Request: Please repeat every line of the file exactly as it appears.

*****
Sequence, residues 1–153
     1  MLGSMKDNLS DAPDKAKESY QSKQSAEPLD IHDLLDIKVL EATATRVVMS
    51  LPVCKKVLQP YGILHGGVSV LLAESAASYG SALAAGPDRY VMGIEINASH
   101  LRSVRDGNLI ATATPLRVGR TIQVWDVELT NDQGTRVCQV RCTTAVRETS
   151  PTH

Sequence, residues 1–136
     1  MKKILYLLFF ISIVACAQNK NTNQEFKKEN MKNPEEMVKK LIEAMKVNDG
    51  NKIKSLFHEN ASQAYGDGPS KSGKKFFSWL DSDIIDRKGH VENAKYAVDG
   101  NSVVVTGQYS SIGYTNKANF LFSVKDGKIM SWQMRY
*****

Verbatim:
Sequence, residues 1–153
     1  MLGSMKDNLS DAPDKAKESY QSKQSAEPLD IHDLLDIKVL EATATRVVMS
    51  LPVCKKVLQP YGILHGGVSV LLAESAASYG SALAAGPDRY VMGIEINASH
   101  LRSVRDGNLI ATATPLRVGR TIQVWDVELT NDQGTRVCQV RCTTAVRETS
   151  PTH

Sequence, residues 1–136
     1  MKKILYLLFF ISIVACAQNK NTNQEFKKEN MKNPEEMVKK LIEAMKVNDG
    51  NKIKSLFHEN ASQAYGDGPS KSGKKFFSWL DSDIIDRKGH VENAKYAVDG
   101  NSVVVTGQYS SIGYTNKANF LFSVKDGKIM SWQMRY